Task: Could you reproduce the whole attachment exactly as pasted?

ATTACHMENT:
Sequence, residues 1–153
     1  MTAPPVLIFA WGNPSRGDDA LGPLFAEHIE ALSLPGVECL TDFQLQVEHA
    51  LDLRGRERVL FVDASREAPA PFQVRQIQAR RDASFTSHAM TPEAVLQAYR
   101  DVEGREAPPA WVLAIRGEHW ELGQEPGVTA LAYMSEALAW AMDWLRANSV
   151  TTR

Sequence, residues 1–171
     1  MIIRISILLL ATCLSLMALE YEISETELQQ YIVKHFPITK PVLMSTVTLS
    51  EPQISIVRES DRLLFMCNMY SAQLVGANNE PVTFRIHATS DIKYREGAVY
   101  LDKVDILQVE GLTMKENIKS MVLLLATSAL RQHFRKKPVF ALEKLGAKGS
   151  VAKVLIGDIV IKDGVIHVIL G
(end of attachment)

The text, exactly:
Sequence, residues 1–153
     1  MTAPPVLIFA WGNPSRGDDA LGPLFAEHIE ALSLPGVECL TDFQLQVEHA
    51  LDLRGRERVL FVDASREAPA PFQVRQIQAR RDASFTSHAM TPEAVLQAYR
   101  DVEGREAPPA WVLAIRGEHW ELGQEPGVTA LAYMSEALAW AMDWLRANSV
   151  TTR

Sequence, residues 1–171
     1  MIIRISILLL ATCLSLMALE YEISETELQQ YIVKHFPITK PVLMSTVTLS
    51  EPQISIVRES DRLLFMCNMY SAQLVGANNE PVTFRIHATS DIKYREGAVY
   101  LDKVDILQVE GLTMKENIKS MVLLLATSAL RQHFRKKPVF ALEKLGAKGS
   151  VAKVLIGDIV IKDGVIHVIL G